Megakaryocyte → platelets (thrombocytes)
    Myeloblast → Neutrophil
    Monocyte → Macrophage
  13. What is an erythrocyte?
    RBC that carries the protein hemoglobin (carries oxygen)
  14. Why is a RBC biconcave in shape?
    Do RBCs make ATP with O2? Why not?
    Why do you think there are few organelles in RBCs?
    Is there a nucleus? Why/ why not?
    The erythroblast or RBC is biconcave in shape because the special shape give it more surface area for gas to diffuse in and out of the cell.

    RBCs make ATP anaerobically so they do not use up any of the oxygen that they are carrying.

    Mature RBCs have few organelles and no nucleus because this allows for all their internal space to be available for oxygen transport.
  15. What 3 substances can bind to Hgb (hemoglobin)?
    1. Oxygen - each Hgb molecule can carry 4 O2 molecules bound to the heme part

    2. Carbon Dioxide - CO2 binds to the globin part - 23% of total is carried back to the lungs by Hgb

    3. Nitric Oxide - NO - lipid soluble hormone - causes vasodialtion - increased blood flow to tissue
  16. Does Hgb carry most of your CO2 to the lungs?
    No - Hgb only carries 23% or total CO2 to the lungs
  17. What does nitric oxide do?
    What is its purpose?
    Nitric oxide is a lipid soluble hormone that binds to Hgb. The release of NO causes vasodilation in local cells - improves the blood flow and enhances oxygen delivery
  18. Is Hgb a carbohydrate, fat, protein, or nucleic acid?
    What is its quarternary structure?
    Name all the components in 1 molecule of Hgb.
    Where does O2 bind? How many O2s can 1 molecule of Hgb carry?
    Where does CO2 bind to Hgb?
    Hemoglobin is made up of a protein called globin - that is made up of 4 polypeptide chains (2 identical alpha chains and 2 identical beta chains). A nonprotein pigment, called a heme, is attached to each of the 4 chains. An iron ion is attached to each of the four hemes.

    1 globin in 4 chains, 4 hemes, and 4 iron ions

    Oxygen binds to each iron ion in the heme so each molecule of Hgb can carry 4 O2 molecules.

    CO2 can combine with the amino acids on the globin to be carried back to the lungs to be exhaled
  19. Why do you need iron?
    Why do you need iron if you've bled a lot?
    What is the "heme" group on Hgb?
    How many peptide chains are in 1 Hgb molecule?
    You need iron because it is an important part of oxygen transport in the blood. The O2 molecule attaches to the iron ion in the heme part of the hemoglobin. If you have bled a lot you need iron in your diet to replace the iron ions you have lost in the blood. Normally the body recycles the iron from old cells to new RBCs.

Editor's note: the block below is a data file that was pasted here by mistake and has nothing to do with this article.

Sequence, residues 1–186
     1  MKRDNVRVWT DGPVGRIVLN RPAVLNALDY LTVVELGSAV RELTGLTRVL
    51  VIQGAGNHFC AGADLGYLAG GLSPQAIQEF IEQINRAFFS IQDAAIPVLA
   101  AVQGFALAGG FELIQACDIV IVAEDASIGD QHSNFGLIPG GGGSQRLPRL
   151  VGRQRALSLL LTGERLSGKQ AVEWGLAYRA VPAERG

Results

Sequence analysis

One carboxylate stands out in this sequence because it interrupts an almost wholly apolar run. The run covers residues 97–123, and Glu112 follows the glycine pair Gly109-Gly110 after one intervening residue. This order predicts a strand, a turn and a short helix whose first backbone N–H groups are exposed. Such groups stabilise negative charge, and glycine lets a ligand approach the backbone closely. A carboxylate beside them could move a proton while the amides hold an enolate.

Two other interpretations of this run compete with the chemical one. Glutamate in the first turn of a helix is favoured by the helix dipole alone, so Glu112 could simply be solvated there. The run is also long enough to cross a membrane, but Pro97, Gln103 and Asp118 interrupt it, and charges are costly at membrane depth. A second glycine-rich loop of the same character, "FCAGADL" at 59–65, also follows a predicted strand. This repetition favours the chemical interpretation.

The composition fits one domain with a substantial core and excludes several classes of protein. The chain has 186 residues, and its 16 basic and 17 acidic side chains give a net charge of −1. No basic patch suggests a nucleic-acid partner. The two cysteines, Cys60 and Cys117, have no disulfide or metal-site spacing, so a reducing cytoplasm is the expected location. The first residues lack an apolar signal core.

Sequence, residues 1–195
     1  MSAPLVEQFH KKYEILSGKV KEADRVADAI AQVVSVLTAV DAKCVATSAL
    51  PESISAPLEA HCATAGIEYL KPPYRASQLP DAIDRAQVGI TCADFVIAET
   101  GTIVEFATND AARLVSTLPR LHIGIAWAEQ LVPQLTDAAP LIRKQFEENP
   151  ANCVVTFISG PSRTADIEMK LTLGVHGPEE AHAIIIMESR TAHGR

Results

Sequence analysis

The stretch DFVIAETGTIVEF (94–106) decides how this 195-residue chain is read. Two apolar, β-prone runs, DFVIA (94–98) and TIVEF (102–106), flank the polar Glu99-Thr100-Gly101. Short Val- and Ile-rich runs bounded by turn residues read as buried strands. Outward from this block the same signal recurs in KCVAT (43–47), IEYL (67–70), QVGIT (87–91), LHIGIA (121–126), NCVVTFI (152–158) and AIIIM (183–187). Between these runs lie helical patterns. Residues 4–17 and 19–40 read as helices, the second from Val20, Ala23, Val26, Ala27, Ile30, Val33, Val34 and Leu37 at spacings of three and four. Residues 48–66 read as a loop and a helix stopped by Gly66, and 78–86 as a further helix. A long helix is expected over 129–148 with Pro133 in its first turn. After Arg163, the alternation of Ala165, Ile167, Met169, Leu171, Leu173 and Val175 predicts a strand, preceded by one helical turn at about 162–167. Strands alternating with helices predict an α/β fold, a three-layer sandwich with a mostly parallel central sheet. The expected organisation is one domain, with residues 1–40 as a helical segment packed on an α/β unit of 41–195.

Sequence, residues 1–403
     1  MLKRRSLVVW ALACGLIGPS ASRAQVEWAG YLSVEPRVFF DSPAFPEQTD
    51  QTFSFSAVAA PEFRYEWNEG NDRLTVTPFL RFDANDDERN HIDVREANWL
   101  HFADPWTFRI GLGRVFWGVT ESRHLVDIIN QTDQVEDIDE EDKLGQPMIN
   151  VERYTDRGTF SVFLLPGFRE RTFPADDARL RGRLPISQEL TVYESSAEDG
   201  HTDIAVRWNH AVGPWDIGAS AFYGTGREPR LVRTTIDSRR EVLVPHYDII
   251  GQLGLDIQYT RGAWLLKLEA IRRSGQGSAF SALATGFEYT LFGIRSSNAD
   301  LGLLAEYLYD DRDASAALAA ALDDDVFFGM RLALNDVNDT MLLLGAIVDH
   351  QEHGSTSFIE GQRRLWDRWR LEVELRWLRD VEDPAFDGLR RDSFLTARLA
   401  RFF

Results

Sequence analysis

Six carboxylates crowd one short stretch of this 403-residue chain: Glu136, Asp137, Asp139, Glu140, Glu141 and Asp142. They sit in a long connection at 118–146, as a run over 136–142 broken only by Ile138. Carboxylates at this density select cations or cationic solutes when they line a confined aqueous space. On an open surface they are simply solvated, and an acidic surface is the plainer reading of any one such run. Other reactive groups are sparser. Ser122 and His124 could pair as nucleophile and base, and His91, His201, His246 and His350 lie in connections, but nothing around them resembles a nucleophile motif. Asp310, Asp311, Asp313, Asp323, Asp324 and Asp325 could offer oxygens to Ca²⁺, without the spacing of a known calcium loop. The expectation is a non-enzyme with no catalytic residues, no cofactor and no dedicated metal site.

The heme group is a ringshaped nonprotein pigment with an iron ion in the center of it.

    There are 4 peptide chains in each Hgb molecule
  20. What cell eats dead RBCs? How? Where?
    Ruptured and work out RBCs are disassembled by fixed macrophages in the liver and spleen. These Kupffer cells use phagocytosis to break down the old RBCs.
  21. What components is Hgb broken down into once a RBC dies?
    What are the peptides broken down into?
    The heme groups?
    Where does the iron go? Why do you store iron?
    When the RBC dies the liver macrophages split it down into heme and globin portions.

    The peptide chains of the globin are broken down into amino acids so they can be used to build other proteins.

    The heme group is broken down into iron and bilirubin

    The iron is carried by a transport protein called a transferrin to be stored in the liver until it is needed for another molecule of Hgb.
  22. When a person has a life threatening transfusion reaction (hemolysis) why do they often die?
    In a transfusion reaction a person receives the wrong kind of blood. The antigens on the outer surface of the cell react and make the plasma membranes of the donated RBCs weak. Hemolysis or rupture of the RBCs releases the hemoglobin to float free in the blood and cause kidney damage by clogging the filtration membrane.
  23. In erythropoiesis:
    pluripotent → ? → reticulocyte → ?
    Pluripotent stem cells → proerithroblast → reticulocyte → erythrocyte (after it ejects it nucleus)
  24. A high reticulocyte count (number) in your blood is a sign of what?
    A high reticulocyte count in the blood is a sign of anemia
  25. What does erythropoietin do? Where?
    What triggers its production?
    Why does this make sense?
    Erythropoietin is a hormone that stimulates production of RBCs in the red bone marrow. Erythropoietin is made in the kidneys and its secretion is triggered by the hormone testosterone.
  26. Are there a lot (%) of WBCs in your blood compared to RBCs?
    No. Of the formed elements in blood, only 1 % is WBCs
  27. What is the main function of the WBC?
    Immune response, inflammation, clean-up